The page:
I’ve long had a sneaking position that I’ve been treading water in terms of growing up these last few years, and even going backwards a little. But the last week has shown me that, actually, surprisingly, I’ve got more mettle than I used to. For once I won’t go into too many details (a natural splurger of information, this is not in character). Suffice to say I ended up last Friday and again this week having to have some tests in hospital, and spending several days and nights worrying about their outcome. I found out yesterday that the preliminary results are all good, and the lightness I have been feeling both last night and today is glorious.
But that’s not really the point. The point is that over the last week I’ve really had to put my money where my mouth is. I bang on about spark and mettle and flourishing and character strengths and all this crap, and I am obsessed with thinking about how we can consciously practise and develop them and enable others to do the same. And yet when the shit hits the fan for me (as it did in the summer) I waver and stumble and falter and fall into a well. I’m talking the talk, but not walking the walk.
Except, this last week I’ve learned that I’ve got more mettle than I thought I had, and that I used to have. I’ve learned that some of things I encourage others to do when going through tough times (or preparing for them) do actually work. And I’ve learned that every piece of life that we live, the good pieces and the crummy pieces, can help us develop these very strengths that we need. And increasingly need. I mean, if your world hasn’t gone to pot by the time you’re thirty, there’s a whole heap of stuff that’s going to befall you. Illness, death, heartache, betrayal, financial crises… look at me being all chipper. But the little bits of tough stuff we’ve faced already add up to gaining enough experience to be able to manage what’s to come a bit better.
Seven years ago I was diagnosed with Stage III cervical dysplasia, which is one step removed from full-on cervical cancer. It came completely out of the blue, and completely floored me. I didn’t know how to cope, and I didn’t cope, and it was a really rough few months till I had a procedure that gave me the all clear. Since then there have been various other un-fun health situations, from a miscarriage, to a breast cancer scare to all the stuff that’s gone down this last week. And each time, although terrifying, it’s gotten a little easier to cope.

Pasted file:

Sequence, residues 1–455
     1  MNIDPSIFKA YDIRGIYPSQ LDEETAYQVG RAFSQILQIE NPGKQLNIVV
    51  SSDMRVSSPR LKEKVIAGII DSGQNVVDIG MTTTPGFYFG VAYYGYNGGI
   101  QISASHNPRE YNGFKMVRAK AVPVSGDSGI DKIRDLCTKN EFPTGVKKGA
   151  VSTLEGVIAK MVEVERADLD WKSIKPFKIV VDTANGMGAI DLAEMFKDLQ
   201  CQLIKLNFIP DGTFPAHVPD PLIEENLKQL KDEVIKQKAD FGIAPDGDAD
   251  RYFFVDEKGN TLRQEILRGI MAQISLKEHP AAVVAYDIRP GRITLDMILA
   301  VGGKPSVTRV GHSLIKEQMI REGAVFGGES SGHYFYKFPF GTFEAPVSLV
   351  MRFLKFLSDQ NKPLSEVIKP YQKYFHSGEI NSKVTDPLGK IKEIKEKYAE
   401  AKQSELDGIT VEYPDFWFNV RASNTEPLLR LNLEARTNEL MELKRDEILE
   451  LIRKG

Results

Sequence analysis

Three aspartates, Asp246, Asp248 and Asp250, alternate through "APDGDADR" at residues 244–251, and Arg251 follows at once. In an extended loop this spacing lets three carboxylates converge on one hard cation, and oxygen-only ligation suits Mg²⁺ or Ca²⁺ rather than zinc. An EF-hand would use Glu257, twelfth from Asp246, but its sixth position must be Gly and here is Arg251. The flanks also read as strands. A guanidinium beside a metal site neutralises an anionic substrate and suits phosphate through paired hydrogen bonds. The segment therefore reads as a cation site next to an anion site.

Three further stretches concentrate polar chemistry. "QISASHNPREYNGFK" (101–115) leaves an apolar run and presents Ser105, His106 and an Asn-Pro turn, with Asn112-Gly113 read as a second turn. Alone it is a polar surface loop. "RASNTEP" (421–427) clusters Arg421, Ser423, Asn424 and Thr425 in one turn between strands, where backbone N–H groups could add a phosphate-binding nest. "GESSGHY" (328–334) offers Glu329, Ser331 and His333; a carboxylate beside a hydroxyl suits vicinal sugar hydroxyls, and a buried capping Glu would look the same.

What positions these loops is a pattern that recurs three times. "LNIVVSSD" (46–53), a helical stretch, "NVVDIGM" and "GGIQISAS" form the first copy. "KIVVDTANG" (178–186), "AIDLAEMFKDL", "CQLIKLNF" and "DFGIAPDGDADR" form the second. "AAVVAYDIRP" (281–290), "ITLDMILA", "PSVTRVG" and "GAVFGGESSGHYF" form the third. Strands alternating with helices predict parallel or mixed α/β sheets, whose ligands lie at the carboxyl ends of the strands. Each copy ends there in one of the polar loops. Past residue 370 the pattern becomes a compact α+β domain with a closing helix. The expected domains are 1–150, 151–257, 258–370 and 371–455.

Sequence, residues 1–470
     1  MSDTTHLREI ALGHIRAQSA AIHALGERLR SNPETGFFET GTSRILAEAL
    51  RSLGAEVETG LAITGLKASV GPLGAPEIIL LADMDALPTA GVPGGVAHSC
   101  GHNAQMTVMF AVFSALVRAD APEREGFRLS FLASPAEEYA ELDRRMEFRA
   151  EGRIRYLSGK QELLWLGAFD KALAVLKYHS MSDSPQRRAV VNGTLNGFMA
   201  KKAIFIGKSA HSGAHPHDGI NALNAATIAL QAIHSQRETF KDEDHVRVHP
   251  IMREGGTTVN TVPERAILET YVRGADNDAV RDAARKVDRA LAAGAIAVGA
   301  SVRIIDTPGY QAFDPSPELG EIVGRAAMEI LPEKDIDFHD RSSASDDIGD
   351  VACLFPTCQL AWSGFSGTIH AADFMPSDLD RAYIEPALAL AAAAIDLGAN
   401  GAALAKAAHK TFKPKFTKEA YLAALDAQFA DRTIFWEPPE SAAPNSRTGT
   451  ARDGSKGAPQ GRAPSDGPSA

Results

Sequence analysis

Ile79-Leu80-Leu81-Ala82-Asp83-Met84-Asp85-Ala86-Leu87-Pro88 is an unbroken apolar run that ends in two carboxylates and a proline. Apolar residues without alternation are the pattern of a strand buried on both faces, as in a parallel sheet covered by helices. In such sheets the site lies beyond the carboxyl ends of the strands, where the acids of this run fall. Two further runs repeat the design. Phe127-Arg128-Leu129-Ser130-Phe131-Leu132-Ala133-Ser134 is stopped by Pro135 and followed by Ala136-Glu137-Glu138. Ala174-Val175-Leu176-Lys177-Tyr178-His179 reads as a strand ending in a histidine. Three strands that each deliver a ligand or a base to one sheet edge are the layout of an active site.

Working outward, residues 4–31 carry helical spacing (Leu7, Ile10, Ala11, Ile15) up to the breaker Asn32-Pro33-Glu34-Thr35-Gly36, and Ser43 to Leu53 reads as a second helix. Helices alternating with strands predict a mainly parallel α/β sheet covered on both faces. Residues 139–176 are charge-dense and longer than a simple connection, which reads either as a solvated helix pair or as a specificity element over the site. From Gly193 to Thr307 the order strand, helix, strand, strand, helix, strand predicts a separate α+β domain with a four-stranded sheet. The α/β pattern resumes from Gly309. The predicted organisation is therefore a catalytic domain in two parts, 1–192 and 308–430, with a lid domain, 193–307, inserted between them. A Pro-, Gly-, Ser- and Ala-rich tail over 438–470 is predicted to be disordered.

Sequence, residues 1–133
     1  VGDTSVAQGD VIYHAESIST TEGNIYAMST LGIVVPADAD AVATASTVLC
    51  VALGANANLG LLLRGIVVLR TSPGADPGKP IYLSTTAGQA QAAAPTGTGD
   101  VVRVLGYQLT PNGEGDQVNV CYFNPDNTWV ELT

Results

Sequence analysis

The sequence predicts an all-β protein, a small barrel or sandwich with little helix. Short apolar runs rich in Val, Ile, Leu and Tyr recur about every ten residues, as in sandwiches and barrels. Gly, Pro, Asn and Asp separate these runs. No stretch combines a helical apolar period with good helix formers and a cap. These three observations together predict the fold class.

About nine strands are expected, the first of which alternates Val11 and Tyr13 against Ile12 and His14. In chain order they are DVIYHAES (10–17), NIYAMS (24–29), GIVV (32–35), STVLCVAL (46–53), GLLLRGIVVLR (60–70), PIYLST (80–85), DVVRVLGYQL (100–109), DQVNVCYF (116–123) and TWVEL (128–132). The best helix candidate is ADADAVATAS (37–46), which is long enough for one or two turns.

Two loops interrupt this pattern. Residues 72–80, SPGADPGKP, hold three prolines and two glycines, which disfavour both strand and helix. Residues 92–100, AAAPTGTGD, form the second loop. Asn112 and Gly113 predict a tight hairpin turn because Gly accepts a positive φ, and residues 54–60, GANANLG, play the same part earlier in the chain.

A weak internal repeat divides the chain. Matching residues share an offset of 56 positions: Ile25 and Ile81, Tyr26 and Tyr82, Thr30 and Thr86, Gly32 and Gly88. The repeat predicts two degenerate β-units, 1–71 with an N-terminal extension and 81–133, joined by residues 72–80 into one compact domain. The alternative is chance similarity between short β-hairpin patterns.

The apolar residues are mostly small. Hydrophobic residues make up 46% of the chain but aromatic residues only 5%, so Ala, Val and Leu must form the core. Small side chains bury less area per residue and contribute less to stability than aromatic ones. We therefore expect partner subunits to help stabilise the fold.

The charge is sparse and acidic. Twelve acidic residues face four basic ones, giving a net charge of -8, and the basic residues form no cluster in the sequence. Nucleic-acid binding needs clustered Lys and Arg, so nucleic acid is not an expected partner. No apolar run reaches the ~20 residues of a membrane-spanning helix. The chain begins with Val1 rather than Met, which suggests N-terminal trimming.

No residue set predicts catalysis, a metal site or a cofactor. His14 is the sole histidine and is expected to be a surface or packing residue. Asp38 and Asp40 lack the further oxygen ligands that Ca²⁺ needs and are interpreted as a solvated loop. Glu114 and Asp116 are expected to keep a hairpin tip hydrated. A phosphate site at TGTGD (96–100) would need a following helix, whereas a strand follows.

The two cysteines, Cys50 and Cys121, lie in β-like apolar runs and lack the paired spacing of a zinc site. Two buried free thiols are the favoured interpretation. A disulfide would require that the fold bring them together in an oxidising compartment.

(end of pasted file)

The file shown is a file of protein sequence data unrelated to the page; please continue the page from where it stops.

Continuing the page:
This last week I have focused on the two things I know I need to do to keep refilling my mettle. I need to keep emotions positive (without being wildly optimistic), and I need to do things that boost my energy and vitality levels. I need the strength of people around me—the positive relationships I have have done no end to help me through. And I need to weave distractions through it all.
So I purposefully looked at the positives of all possible outcomes—allowing myself to think through, in some detail, what that would feel like. I prepared myself for the worst by thinking about how it would still in the end turn out okay. Hearing other people’s stories of similar situations was really powerful.
I told my close friends and family, and found the factual recounting of information and probabilities, plus the warmth and kindness of those I was telling, to be extraordinarily grounding and supportive. The relentless optimism of my husband was particularly reassuring.
And I got stuck in to my own version of hygge. It’s not the right time for me to be out running, so instead I get my energy from the pleasurable, old-lady-like pastimes of crocheting and books on tape. No better way to replenish myself and distracting myself all at once.
Finally, I am now at a stage in life when I have stuff to do regardless of circumstances. And boy am I grateful for it. I’m grateful for my work, and how much I enjoy it, and how flexible it can be—so that I can enjoy it from home rather than the office, so that I can have a crazy wonderful day working with a team of people delivering an event and then time out to strategise and regroup. And I am grateful for having a hugely energetic and independent young son who has absolutely every intention of occupying my time as much as he can.
In the grand scheme of things these recent tests and the other dodgy moments in life of late are no big deal. There are swathes of people who have to go through far more significant worries, troubles and decisions than I have ever done. I don’t want for a second to sound as though I am aggrandising this stuff.
I live with someone who has been through the ringer more than most.My husband lost both his parents by the time he was 13. So I am all too aware of the smallness of my bad things, and aware too of how lucky I am that, so far, we’ve had positive outcomes from tricky times.
But I also know that there are lots of people, like me, who haven’t yet experienced a tidal wave of shit, and are nervous about how they might cope when it comes. Because it is going to come, somehow, some time. Life is far from being the hockey stick of success and happiness that we would like it to be.
However inexperienced we are with tough times, there are ways and means with coping and bouncing back. And it’s no bad thing to think about what could help us through before anything happens, and then trying those things out when it does.